For Immediate Release: February 16, 2010
Committee Clears Oklahoma Equal Opportunity Education Scholarship Act
The Senate Finance Committee on Tuesday approved legislation intended to broaden the number of private school scholarships awarded to students from lower-income households. Sen. Dan Newberry, author of Senate Bill 1922, said his proposal would empower parents with the ability to direct their child’s education, allowing more students to unlock their learning potential.
“Our families deserve options, and our elected officials must make it a priority to strengthen the ability of parents to have a greater say in their child’s education,” said Newberry, R-Tulsa. “Providing a quality education for our young people should be the foremost goal of any healthy and growing state. This legislation gives us a chance to affirm our commitment to that goal.”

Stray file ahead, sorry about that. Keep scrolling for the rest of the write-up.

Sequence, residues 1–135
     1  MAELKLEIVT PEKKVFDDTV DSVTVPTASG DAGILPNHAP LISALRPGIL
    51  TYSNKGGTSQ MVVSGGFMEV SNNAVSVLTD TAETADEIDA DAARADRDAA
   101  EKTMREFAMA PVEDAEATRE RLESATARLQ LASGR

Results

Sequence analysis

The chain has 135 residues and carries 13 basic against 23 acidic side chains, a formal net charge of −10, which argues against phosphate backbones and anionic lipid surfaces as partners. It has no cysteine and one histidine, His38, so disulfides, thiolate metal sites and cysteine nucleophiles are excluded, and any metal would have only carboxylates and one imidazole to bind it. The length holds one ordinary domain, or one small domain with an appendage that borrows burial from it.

The Oklahoma Equal Opportunity Education Scholarship Act would provide companies and individuals additional incentive to donate greater amounts to scholarship funds through tax credits. Credits would be authorized for contributions to organizations that award scholarships to qualifying low-income and eligible special-needs students.
Newberry discussed the legislation in a Tuesday press conference at St. John Christian Heritage Academy in Oklahoma City. He was joined by Patrick Byrne, Chairman and CEO of Overstock.com and Co-Chairman of the Friedman Foundation for Educational Choice. Also speaking in support of the proposal were Betty Mason, Superintendent of St. John Christian Heritage Academy, and Rep. Jabar Shumate. Mason is a former Superintendent of the Oklahoma City public school system.
“I’m very grateful for the broad support we’ve seen for this measure,” Newberry said. “Ultimately these expanded opportunities will allow students to flourish and maximize their potential. The possibility of a brighter future for these students also translates to a brighter future for our communities and state.”
The Oklahoma Equal Opportunity Education Scholarship Act is co-authored
by Rep. Lee Denney. The bill now advances to the full Senate for consideration.